Johansson and Pugh shine as a dysfunctional family reunion clashes with an action thriller
After her noble sacrifice during the events of Avengers Endgame, a standalone feature for Natasha Romanoff (Scarlett Johansson), aka the Black Widow, could be construed as coming a bit late, or perhaps a way to milk more money from the burgeoning Marvel Cinematic Universe (MCU). While both those things might be true, Black Widow succeeds in carving out a standalone entry that enriches a long established character and embracing action and humor with a more adult tone than previously seen in the MCU.
Black Widow takes place just after the events of Captain America Civil War. The Avengers are fragmented, Natasha’s allies are imprisoned on the Raft, or in hiding. Going off the grid herself, she finds herself dragged out of seclusion by a message from her sister Yelena (Florence Pugh). Reuniting for the first time since they were kids, she discovers Yelena has been working as an operative for the Black Widow program under the control (literally) of General Dreykov (Ray Winstone), a man Natasha has long thought dead by her own hand. An act that sealed her defection to SHIELD. Rather than ending him and his Black Widow project, he sunk further into the shadows, developing a new insidious tactics to manipulate and use women as pawns in his political maneuvering. Determined to end Dreykov and free their brainwashed sisters, the pair find that their adoptive, and very much estranged father Alexi (David Harbour), currently rotting in a Russian prison, and mother Melinda (Rachel Weisz), living in Siberia, might be the key to finding his operation and destroying it once and for all.
Writers Jac Schaeffer (Wandavision), Eric Pearson (Thor: Ragnarok), with a story by Ned Benson (The Disappearance of Eleanor Rigby), go to great lengths to root Natasha in her past, and show us what made her the woman we know, or at least think we know. The result is part dark spy thriller and part dysfunctional family reunion. What’s surprising is how much the latter dominates. Kicking off with an opening in 1990 Ohio, we see Natasha and Yelena as youngsters, ensconced in a family home with their ‘parents’. Melinda, herself a trained Black Widow, and Alexei, aka the Red Guardian, the first Soviet to receive their own version of a super-soldier serum. An emotional and bustling escape sequence sees them on the run to Cuba, where their ‘daughters’ are taken by Dreykov to begin their training in the infamous Red Room. And so the seeds of Natasha’s trauma and trust issues are pretty evident.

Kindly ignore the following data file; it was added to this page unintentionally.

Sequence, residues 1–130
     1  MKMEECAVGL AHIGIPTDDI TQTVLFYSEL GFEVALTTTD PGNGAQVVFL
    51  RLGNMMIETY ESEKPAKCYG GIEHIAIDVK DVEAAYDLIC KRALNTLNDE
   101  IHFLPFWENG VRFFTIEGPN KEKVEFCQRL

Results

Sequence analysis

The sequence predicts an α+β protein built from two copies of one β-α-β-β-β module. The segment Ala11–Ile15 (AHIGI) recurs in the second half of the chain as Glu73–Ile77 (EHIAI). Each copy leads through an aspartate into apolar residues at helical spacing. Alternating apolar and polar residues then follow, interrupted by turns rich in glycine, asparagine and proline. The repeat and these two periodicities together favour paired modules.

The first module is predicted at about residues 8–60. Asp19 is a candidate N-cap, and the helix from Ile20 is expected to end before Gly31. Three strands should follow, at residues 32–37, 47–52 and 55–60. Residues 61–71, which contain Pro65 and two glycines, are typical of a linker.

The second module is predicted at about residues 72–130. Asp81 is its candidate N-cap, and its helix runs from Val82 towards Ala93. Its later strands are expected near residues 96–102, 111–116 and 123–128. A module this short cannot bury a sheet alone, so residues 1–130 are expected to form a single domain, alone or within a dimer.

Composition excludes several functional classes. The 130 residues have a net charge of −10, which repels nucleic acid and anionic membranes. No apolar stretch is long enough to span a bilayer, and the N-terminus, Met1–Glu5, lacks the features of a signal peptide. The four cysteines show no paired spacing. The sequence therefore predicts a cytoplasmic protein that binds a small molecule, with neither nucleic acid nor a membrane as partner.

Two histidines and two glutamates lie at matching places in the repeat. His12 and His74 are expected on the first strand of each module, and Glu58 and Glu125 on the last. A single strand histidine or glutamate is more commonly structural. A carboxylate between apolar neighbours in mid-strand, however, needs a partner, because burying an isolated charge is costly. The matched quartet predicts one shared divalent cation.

It all sounds heavy, but there is much delight in how this proxy family falls back into a rhythm, alternating between frictitious and friendly. All bubbling with laconic quips and generally dry sense of humor, teetering between reminiscing and redressing with each other. The quartet bicker, banter, and bond, creating a wonderful dynamic that spills into the action, which is surprisingly brutal at times. Cate Shortland (Somersault, Lore) cuts scenes well, with fluid set-pieces and intense hands on combat. If you’ve gotten used to letting your kids go and see any Marvel film, there are moments in this one that might give you pause. This extra grit feels apt for the more sombre themes of trauma and abuse. Delving into the darker corners of the world and Natasha’s past too. Yes, we do find out what really went down in Budapest. While much of the film feels intimate and personal, exploring the shackles put upon Natasha, Yelena, and the others, the final act descends into the CGI spectacle these films seem to be contractually obligated to deliver. Having this family unit in the middle of it all is a true saving grace.
As you’d expect, Black Widow underscores both Johansson’s talents, as well as Natasha’s. A plot that takes her back to basics and in doing so, highlights what makes her so potent in a superhero lineup, despite her lack of superpowers. Pugh (Lady Macbeth, Midsommar) assuredly kicks ass herself and adds a spark to the whole film. From a sisterly reunion/throwdown that feels akin to a scene from Atomic Blonde, to dropping barbs about Natasha “posing” when she fights, or her need to take ibuprofen after a fight (unlike a certain God of Thunder), she provides the kind of brilliantly skewering foil that only a little sister could. The film also delights in puncturing some of the God-tier level characters and epic events to have occurred in the MCU. Weisz is a cool yet quirky presence, while David Harbor is a riot as the buffoonish Red Guardian, whose bravado is only exceeded by his obsession with his Western counterpart, Captain America. Ray Winstone, who I never thought I would see Forest Gump’d into American Political history, delivers the gruff odiousness you’d expect in playing a man whose remit is the kidnapping and subjugation of women to use in his political power play.
After Wandavision, Loki, and now Black Widow (well most of it), it feels like Marvel is (somewhat) open to taking risks in terms of tone and structure in its ventures. Planted in a grittier and more grounded corner of the MCU, Black Widow embraces the spy thriller, but plants it in themes of family and sisterhood. The action entertains, but it’s the conversations and dry humor that will really draw you in. For Romanoff, this solo entry doesn’t negate the heroic end to her character’s journey, rather fleshes out her past, reinforces her talents, and reaffirms her motives, and in doing so provides a fitting epilogue for a MCU stalwart, if it is indeed that.
Black Widow hits theaters and Disney+ Premier Access on July 9th